Africa From tugboat to engine

Africa is on the march. GDP per capita on the continent has grown at an impressive 4 percent in real terms per year since 2008, and economists expect this to increase to 5 percent per annum through 2018. But sustaining this growth trajectory will require huge amounts of new capital. We estimate that African businesses will require over $75 billion a year and infrastructure over $150 billion a year to grow robustly through 2020. 

Institutional money, both domestic and international, can play an important role – while also providing attractive returns to investors. But in the absence of accessible, well-functioning and innovative capital markets, ‘private’ investment could be the best approach for most of the continent. 

Private institutional investing – typically through private equity and infrastructure funding – offers potentially a large pool of investable capital. Our research with leading local and international investors shows that as much as $50 billion could be allocated to African private equity over the next 10 years; direct investments in infrastructure could double that figure again.This pool would come from a diverse set of institutional investors, although the size of the pool still lags those of other emerging markets. 

Unlocking private equity’s potential  

Outside South Africa, the private equity market in Africa is still in the early stages of development. While India and Africa have similar-sized economies and populations, for example, India’s private equity activity is five times that of Africa. 

We mapped the growth potential of private equity across the African continent. We examined 14 different factors – including attitudes towards the asset class, prior existence of a private equity ecosystem, the legal/ tax and regulatory environments, and accessibility to competing sources of financing. We then analysed them in the context of historic private equity activity across more than 75 markets (including most African markets) to understand what helps or hinders PE market development.  

Based on this analysis, we believe there will likely be a step change in private equity in African markets where most of these conditions are in place:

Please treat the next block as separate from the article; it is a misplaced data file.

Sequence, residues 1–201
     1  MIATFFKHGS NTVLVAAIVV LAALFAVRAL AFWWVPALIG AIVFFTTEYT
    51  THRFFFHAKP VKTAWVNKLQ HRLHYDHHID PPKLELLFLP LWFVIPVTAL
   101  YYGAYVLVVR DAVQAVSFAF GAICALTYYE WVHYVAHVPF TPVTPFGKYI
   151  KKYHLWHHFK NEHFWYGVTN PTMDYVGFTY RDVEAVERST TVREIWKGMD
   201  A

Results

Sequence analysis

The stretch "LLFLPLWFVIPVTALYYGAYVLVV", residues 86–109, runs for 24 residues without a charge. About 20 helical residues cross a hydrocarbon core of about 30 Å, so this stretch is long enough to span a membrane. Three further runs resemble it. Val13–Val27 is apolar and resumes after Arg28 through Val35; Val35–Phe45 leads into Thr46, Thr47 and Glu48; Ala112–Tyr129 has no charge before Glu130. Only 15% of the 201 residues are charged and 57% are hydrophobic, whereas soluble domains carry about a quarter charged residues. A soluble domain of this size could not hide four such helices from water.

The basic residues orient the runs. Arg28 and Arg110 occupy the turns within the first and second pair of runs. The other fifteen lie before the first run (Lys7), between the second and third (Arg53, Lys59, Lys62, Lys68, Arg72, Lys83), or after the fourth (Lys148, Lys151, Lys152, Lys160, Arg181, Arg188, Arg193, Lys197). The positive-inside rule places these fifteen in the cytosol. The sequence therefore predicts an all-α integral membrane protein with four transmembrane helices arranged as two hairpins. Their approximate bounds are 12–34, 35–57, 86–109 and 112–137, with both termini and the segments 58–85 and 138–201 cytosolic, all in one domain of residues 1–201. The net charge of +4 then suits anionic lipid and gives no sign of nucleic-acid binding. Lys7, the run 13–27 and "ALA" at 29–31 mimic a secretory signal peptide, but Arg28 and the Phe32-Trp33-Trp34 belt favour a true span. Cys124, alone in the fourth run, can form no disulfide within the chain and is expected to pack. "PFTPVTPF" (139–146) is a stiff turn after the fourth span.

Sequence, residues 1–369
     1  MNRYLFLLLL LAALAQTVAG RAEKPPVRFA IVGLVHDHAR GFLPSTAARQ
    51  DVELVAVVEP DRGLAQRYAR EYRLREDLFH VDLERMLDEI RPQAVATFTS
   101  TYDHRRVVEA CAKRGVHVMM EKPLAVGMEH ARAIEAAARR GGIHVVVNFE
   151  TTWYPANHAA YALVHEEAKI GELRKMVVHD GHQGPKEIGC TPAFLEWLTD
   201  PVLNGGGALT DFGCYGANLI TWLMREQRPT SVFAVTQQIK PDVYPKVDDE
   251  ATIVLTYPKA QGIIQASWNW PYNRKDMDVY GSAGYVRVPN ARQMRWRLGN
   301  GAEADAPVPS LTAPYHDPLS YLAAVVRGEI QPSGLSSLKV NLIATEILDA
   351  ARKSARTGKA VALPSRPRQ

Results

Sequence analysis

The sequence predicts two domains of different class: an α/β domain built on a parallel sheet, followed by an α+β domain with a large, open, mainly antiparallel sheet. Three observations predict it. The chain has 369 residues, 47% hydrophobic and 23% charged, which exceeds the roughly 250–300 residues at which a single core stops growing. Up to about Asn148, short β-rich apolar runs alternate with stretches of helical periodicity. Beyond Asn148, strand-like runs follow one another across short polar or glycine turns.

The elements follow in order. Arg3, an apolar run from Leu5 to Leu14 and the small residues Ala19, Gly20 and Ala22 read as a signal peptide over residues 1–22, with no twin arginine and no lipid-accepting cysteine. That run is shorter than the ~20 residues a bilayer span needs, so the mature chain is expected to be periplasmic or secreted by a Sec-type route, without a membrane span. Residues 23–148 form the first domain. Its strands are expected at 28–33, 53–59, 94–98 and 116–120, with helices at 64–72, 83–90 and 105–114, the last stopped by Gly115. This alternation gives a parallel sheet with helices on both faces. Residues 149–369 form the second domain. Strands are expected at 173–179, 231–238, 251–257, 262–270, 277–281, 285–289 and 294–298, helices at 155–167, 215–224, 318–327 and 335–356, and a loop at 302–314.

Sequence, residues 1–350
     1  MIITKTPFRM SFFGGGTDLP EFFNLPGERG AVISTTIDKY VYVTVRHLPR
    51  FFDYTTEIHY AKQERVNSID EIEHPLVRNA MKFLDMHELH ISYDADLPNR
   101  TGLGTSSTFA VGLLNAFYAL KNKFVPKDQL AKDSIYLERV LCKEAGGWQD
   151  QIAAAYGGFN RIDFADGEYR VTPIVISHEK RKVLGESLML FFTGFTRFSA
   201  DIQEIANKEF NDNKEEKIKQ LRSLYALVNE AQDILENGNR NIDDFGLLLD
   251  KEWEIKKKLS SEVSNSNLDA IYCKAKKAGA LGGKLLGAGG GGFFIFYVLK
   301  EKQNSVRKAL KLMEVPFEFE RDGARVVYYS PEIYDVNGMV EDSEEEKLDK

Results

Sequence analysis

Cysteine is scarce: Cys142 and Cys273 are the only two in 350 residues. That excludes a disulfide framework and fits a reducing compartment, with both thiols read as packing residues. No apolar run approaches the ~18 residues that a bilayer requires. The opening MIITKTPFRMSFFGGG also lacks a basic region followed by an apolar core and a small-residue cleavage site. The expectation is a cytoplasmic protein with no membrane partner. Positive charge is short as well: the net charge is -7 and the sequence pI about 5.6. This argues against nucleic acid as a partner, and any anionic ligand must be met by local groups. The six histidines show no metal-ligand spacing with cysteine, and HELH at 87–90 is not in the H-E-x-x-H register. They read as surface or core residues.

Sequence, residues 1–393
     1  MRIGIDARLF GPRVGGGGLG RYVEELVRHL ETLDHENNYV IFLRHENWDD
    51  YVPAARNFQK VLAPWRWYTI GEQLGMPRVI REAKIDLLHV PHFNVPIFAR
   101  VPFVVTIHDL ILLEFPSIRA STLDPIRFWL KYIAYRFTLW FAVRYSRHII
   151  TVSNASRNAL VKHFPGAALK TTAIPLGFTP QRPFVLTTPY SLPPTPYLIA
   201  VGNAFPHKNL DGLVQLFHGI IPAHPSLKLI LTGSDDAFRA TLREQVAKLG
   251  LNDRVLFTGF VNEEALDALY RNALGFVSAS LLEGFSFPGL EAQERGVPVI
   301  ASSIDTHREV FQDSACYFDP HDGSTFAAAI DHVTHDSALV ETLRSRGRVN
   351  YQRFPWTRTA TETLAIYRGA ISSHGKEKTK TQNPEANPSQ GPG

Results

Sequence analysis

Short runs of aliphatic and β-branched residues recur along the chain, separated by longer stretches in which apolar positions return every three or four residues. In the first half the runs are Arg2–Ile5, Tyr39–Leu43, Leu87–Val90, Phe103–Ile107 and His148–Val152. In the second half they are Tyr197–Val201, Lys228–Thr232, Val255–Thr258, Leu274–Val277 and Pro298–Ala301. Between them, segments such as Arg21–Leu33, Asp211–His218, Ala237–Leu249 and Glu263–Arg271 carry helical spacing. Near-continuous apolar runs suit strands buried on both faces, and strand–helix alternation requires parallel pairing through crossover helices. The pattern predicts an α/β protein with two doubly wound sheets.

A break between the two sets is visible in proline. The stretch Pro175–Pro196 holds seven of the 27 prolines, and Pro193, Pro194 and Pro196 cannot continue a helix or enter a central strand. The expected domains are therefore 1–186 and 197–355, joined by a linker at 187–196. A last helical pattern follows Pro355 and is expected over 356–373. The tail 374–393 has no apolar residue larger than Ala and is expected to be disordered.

‘Pull’ from past private equity success
One driving factor of private equity activity is often a preference for it. A few established funds associated with successful and high-profile exits can change owners’ attitudes in a region – an effect that can be amplified when sophisticated African talent returns to the market from other parts of the world. 

‘Push’ from evolving ownership structures
The generational handover of family-owned businesses and privatisations in a context of growth increases pressure for outside financing.  

Proactive government/ regulatory stance
An improved investment climate for private equity (e.g. reduced capital controls, a lower tax burden for investors and more business-friendly legislation), the formation of formal ‘public-private-partnership’ frameworks, and the potential for local asset managers to participate in the market all help. 

Weak alternative financing
Private equity’s prospects improve where alternative sources of financing, mainly credit or public investment (for infrastructure), are inaccessible or relatively high cost. 

Inflection points in growth
Countries with booming sectors (more than 10 percent real growth per annum) often experience disproportionately high financing needs.  


To find out where these conditions exist, we interviewed 70 leaders in the private equity market, including top GPs, institutional investors, bankers and industry experts. This assessment helped us identify patterns of change in 22 African economies.